Next, participants completed the same shopping task a second time. Trials were identical with two exceptions. First, participants in the goal inference nudging condition saw a poster near the shelves on which an old couple was presented with the following text: “One person not keeping their distance can lead to the death of hundreds of grandparents, like your own. Make your own choice. What do you choose to do, keep your distance or not?” Second, for participants in the action inference nudging condition, in accordance with often used nudging interventions56, there were circles and crosses on the floor at checkout that specified where participants should stand in the queue to keep sufficient distance from others. There was a cross below the first 3 places and a circle indicating 2 m under the fourth spot.

When participants came back for the final part of the study, they first completed demographic questions and two questions about social distancing when shopping in real life that they had also completed during pre-screening. One question asked on how many separate occasions they had thought about keeping their distance and decided to do so while a second question asked how often they might not have kept sufficient distance from people other than the members of their immediate household. Participants then completed the shopping task a third time (identical to Time 1, without the nudges), were probed for demand compliance and reactance and were debriefed and thanked for their participation.

The main analyses constituted a 3 (Intervention Condition) × 3 (Time of Task Performance) mixed analysis of variance (ANOVA) on the mean distance value at checkout in the virtual shopping task and on responses to the real-life social distancing questions and planned t-tests comparing differences between conditions (Table 4).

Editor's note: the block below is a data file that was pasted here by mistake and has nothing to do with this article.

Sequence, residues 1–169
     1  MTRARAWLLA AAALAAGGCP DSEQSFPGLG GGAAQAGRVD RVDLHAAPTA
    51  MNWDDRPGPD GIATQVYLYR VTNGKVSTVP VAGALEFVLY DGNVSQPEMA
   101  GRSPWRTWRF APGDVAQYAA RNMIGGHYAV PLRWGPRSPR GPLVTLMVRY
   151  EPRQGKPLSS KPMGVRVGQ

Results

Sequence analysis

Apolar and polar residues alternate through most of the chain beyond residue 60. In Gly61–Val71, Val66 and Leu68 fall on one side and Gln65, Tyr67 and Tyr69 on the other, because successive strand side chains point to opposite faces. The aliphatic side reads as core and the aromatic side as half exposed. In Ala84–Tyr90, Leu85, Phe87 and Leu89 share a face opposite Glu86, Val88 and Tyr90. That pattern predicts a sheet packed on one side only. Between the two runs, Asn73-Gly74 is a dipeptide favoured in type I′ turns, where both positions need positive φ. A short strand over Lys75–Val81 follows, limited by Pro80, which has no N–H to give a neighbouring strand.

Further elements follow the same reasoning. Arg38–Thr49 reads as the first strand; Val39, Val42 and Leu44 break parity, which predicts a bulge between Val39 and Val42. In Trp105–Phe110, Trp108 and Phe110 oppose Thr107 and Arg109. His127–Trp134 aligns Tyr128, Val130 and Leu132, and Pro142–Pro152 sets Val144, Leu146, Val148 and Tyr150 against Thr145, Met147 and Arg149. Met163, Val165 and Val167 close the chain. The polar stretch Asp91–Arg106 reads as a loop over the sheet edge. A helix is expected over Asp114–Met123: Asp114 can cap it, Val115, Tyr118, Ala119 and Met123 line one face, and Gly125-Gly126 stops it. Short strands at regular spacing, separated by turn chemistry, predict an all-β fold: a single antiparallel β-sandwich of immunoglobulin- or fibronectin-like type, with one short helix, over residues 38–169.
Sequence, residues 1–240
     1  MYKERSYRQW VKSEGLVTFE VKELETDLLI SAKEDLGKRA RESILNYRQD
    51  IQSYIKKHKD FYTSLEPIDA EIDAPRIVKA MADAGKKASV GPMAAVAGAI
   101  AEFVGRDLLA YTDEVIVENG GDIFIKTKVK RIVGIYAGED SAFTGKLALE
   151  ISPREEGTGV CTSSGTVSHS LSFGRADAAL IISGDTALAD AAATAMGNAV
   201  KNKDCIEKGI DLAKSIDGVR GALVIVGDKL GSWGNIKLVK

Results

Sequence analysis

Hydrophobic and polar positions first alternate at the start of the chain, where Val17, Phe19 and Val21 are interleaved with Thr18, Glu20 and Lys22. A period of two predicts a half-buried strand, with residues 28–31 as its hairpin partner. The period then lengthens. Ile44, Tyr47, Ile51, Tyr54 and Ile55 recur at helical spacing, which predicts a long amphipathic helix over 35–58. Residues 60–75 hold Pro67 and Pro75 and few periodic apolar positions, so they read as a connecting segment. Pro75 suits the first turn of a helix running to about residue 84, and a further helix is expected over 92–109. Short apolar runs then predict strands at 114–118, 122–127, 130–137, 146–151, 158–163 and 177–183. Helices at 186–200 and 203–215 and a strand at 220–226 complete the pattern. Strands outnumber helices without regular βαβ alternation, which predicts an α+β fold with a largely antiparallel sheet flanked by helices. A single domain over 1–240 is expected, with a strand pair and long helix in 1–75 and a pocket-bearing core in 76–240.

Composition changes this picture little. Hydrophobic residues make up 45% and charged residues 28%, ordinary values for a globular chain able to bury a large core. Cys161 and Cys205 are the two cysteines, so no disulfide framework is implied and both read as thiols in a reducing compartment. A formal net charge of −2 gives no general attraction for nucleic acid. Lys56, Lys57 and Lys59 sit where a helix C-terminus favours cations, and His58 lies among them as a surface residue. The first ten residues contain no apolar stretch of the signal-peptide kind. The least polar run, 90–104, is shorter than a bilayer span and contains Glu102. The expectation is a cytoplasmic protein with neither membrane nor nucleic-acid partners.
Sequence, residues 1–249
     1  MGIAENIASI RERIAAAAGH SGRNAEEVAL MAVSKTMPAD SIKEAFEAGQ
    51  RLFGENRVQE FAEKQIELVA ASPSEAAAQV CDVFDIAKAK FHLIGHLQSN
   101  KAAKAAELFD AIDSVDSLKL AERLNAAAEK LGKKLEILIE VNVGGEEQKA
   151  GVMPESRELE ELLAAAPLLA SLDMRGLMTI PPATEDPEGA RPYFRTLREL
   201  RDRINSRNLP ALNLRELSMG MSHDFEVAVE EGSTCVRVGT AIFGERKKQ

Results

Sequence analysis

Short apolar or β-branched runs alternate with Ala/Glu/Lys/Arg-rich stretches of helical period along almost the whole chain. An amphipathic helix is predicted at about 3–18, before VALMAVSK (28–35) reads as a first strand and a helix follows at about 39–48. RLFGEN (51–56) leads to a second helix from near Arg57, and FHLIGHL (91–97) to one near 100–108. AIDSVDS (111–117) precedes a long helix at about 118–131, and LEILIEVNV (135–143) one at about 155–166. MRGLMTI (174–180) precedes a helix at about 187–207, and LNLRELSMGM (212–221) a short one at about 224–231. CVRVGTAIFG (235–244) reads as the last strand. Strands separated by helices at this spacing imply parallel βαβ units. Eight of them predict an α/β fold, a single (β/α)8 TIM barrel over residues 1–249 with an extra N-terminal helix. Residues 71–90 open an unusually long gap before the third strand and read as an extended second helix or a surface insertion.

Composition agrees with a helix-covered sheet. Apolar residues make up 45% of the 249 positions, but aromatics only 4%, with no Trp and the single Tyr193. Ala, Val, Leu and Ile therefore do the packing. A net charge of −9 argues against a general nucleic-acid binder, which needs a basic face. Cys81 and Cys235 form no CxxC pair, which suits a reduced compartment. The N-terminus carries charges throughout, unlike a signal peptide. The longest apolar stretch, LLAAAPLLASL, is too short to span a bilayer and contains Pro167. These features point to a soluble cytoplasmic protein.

Table 4 Means, SDs, and regression-estimated effects of condition for increases in social distancing behavior and distance violations compared to baseline in Study 2. The table reports the average and standard deviations (in parentheses) of increases in social distancing behavior compared to baseline in Study 2 and the p-value of the effect of condition in an ANOVA for each variable.

Study 3—Participants

We observed hand sanitizing behavior of all customers to a local store on three weekdays (Monday, Tuesday and Thursday) in February 2021. Observation occurred in three two-hour timeslots (9 am–11 am; 12 am–2 pm; 3 pm–5 pm) with each condition assigned to each timeslot once on a randomly determined weekday. There were 2198 customers in total. Target sample size was a minimum of 1200 participants which we estimated to be at least the number of participants during the planned 3 × 2 h observation slots (to allow > 0.95 power to observe a small difference in a proportion test comparing two conditions at alpha = 0.05).

Study 3—Design